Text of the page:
Alyson Cline is a party animal.
Immediately after winning a seat on the Surprise City Council to serve residents of District 2, she did what anyone in her position would do after getting the great news.
She left the house — and started collecting her road signs.
“I did something for the community,” she reasoned.
After weeks of driving by them, Surprise motorists surely appreciate the gesture.
But what Surprise residents will really appreciate is if Ms. Cline and Jack Hastings, a first-time winner in District 5, learn their jobs on the fly as the city navigates an unknown time of COVID-19.
“In January, they’re going to be sworn in and they’re going to have to become real students right away,” said Mayor Skip Hall, himself an election winner on primary night Aug. 4. “It’s all about putting their learning hats on for how things get done. The voters are going to expect it.”
It’s a job Ms. Cline and Mr. Hastings said they’re gladly up for — especially after a long campaign fight. The two joined Mr. Hall and incumbent Councilmen Patrick Duffy (District 3) and Ken Remley (District 4) as election night victors.
Mr. Duffy knows what Mr. Hastings is up against as a young newcomer to the council. Mr. Duffy was just in his mid-30s when he was appointed to fill John Williams’s vacant seat in 2017.
“I came in as an unknown,” Mr. Duffy said.
Mr. Hastings, however, is far from unknown although he’s even younger at 26.
Of the two new candidates-elect, Ms. Cline won a seat that will be open, while Mr. Hastings knocked off an incumbent, David Sanders, who had been appointed last year but was going or his first election himself.
Mr Hastings, a Valley Vista High School teacher, made news earlier this year when he was kicked off the Arts and Cultural Advisory Commission, partly because of conflicts with his run for City Council.
“I’ve learned in politics not to take anything personally,” Mr. Hastings said, reflecting back on the month-long drama that he said only emboldened him.
Ironically, Mr. Hastings thinks the incident helped get him votes in the end and provided for the margin that was bigger than many were expecting.
“I’m going to miss Dave Sanders, but we have a job to do,” Mr. Duffy said. “Come January if we still have grudges, it will help no one.”
Four of the members on the current City Council, including the mayor, voted to have Mr. Hastings removed from the commission. The Council then voted for a “resign to run” law, which requires all board and committee members to give up their position once they announce a run for City Council.
“I’d like to sit down at some point and bury the hatchet,” Mr. Hastings said. “And sometimes in elections everybody gets bloodied up.”
Either way, he’s happy to be out of campaign mode.
“It’s time to govern,” Mr. Hastings said. “I’m so excited to say those words.”
Victory wasn’t as sweet as it could have been for the winning candidates, thanks to the coronavirus. Typically, post-election parties at local restaurants or bars are the norm after the ballots are cast, but that wasn’t a good idea this year.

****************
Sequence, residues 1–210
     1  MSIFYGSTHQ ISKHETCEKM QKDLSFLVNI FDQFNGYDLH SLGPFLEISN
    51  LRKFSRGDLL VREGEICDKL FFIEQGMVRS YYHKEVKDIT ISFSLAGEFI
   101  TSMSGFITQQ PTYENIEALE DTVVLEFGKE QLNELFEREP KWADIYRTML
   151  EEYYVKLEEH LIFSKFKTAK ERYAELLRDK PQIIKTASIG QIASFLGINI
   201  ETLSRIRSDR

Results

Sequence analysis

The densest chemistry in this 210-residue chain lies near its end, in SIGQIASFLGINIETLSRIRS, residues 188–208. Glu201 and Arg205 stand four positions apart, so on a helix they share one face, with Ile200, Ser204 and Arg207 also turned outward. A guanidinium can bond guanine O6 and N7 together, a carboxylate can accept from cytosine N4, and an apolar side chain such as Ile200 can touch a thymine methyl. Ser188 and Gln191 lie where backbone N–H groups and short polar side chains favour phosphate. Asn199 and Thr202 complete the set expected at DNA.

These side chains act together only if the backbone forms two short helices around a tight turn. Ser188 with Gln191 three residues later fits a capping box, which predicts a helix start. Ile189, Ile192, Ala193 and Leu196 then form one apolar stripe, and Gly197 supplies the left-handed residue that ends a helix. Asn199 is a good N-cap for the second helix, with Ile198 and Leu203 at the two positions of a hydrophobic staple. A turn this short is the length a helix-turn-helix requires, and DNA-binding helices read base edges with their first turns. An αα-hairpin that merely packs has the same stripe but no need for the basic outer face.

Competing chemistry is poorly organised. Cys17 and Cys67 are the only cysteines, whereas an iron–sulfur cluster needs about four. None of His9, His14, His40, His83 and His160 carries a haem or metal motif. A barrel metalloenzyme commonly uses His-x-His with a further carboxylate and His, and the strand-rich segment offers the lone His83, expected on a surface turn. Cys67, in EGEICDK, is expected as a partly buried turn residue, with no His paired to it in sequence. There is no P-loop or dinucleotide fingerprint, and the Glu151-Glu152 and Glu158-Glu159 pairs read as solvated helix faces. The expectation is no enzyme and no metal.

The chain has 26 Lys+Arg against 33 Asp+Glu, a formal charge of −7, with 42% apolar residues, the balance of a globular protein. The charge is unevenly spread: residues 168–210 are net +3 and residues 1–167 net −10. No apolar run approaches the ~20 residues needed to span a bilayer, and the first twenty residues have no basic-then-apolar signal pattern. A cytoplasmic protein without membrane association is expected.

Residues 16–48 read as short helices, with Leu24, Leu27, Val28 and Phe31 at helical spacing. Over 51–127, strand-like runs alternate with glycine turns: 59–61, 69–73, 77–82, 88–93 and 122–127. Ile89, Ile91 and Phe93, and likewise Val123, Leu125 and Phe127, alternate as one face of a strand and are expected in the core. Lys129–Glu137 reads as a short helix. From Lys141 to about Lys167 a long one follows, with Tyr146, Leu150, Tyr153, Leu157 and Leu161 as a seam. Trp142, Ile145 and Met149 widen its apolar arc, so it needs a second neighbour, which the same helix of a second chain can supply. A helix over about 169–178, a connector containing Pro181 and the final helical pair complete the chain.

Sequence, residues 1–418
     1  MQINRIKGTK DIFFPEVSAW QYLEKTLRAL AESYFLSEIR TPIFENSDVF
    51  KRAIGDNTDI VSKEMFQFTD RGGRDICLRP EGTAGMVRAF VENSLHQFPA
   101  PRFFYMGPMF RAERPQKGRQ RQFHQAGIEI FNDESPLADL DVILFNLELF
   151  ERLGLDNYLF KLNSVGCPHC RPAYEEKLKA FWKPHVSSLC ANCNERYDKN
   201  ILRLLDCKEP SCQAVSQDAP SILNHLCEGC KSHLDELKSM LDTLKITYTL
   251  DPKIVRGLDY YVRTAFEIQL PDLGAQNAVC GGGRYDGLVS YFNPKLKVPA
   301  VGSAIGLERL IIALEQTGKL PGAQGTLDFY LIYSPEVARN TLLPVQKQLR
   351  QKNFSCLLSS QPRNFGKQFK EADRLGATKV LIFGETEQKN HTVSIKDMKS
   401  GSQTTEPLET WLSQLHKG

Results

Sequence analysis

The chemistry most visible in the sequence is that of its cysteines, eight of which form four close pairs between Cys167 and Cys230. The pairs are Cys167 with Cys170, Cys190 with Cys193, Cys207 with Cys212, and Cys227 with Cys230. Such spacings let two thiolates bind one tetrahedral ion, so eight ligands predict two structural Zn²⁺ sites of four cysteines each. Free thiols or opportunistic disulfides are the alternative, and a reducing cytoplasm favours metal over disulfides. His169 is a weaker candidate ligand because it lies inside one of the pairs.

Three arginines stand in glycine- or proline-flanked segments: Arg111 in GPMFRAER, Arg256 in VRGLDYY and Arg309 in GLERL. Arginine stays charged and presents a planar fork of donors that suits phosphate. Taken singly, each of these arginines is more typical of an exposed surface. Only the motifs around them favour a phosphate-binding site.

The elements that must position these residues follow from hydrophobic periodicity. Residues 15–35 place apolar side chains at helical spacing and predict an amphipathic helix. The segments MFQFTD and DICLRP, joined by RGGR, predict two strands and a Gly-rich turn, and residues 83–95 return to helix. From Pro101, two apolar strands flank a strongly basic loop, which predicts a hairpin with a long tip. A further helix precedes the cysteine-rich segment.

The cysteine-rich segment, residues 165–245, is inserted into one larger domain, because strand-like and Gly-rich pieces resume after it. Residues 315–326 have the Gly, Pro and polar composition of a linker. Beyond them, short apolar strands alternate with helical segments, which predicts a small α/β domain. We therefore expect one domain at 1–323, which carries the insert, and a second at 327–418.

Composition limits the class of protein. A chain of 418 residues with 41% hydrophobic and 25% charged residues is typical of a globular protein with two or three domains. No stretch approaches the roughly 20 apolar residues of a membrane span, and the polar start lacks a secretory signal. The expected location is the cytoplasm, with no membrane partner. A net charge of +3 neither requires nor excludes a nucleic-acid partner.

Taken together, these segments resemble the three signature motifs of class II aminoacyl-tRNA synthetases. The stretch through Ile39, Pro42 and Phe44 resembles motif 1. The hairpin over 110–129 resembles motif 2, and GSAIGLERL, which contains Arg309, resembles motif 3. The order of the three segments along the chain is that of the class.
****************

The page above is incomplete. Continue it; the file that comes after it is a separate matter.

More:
Mr. Hastings was going to host a bash at State 48 but decided against it. He said he’ll officially celebrate it at a more appropriate time.
But, if anything, win or lose, the election’s passing brought a sense of relief to the candidates.
Mr. Sanders said it “stings” losing, but he’s also relieved the whole process is over.
Ms. Cline said campaigning came “fast at the end, but it was a long-time coming.”
Except for District 5, which was for only a two-year term, the other winning candidates, including the mayor, have four years ahead of them.
Mr. Hall said he feels more validated as mayor now that voters have put their stamp on him. He was appointed mayor when Sharon Wolcott resigned in November 2018.
“I think it adds to my legitimacy,” Mr. Hall said, referring to his dealings with other mayors and political leaders in the area.
Over his next four years he said he envisions a lot of job creation and commercial development
“And one of the challenges we have to stay on is public safety the way we’re growing,” he said. “It’s a concern. It’s going to take a commitment from us financially that we’re ahead of the curve and not play catchup.”
Right now, about 45% of the city’s budget is devoted to funding the police and fire-medical departments. Mr. Hall said that may not be enough.
“It’s probably going to have to be more,” he said. “That’s just the way it is the way we’re growing, especially out north and west.”
COVID-19 has stalled some projects but sparked others, such as the Amazon “last-mile” delivery center the city announced in late July. Neary 2,000 Single-family homes are going to be permitted this year, a increase over last year.
Mr. Hall points to Costco, Ottawa University Arizona and West-MEC as three main selling points for Surprise — not to even mention bringing in a name brand like Amazon.